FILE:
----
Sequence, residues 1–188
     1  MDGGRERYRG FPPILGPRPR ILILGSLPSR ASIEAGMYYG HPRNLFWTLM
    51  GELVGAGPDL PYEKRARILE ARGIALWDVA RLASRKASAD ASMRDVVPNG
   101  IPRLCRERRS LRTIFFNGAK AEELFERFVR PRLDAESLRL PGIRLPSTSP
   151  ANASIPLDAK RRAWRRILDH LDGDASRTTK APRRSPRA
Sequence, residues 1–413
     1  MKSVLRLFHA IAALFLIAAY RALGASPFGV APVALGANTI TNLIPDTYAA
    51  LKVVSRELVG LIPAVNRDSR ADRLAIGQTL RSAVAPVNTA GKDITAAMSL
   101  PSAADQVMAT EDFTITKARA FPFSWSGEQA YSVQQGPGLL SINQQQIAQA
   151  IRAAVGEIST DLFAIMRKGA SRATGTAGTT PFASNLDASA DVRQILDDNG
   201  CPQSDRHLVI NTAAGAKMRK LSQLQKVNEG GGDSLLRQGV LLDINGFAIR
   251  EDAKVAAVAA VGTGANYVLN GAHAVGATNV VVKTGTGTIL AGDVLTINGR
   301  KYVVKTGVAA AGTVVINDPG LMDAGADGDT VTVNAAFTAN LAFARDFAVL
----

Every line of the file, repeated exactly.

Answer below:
Sequence, residues 1–188
     1  MDGGRERYRG FPPILGPRPR ILILGSLPSR ASIEAGMYYG HPRNLFWTLM
    51  GELVGAGPDL PYEKRARILE ARGIALWDVA RLASRKASAD ASMRDVVPNG
   101  IPRLCRERRS LRTIFFNGAK AEELFERFVR PRLDAESLRL PGIRLPSTSP
   151  ANASIPLDAK RRAWRRILDH LDGDASRTTK APRRSPRA
Sequence, residues 1–413
     1  MKSVLRLFHA IAALFLIAAY RALGASPFGV APVALGANTI TNLIPDTYAA
    51  LKVVSRELVG LIPAVNRDSR ADRLAIGQTL RSAVAPVNTA GKDITAAMSL
   101  PSAADQVMAT EDFTITKARA FPFSWSGEQA YSVQQGPGLL SINQQQIAQA
   151  IRAAVGEIST DLFAIMRKGA SRATGTAGTT PFASNLDASA DVRQILDDNG
   201  CPQSDRHLVI NTAAGAKMRK LSQLQKVNEG GGDSLLRQGV LLDINGFAIR
   251  EDAKVAAVAA VGTGANYVLN GAHAVGATNV VVKTGTGTIL AGDVLTINGR
   301  KYVVKTGVAA AGTVVINDPG LMDAGADGDT VTVNAAFTAN LAFARDFAVL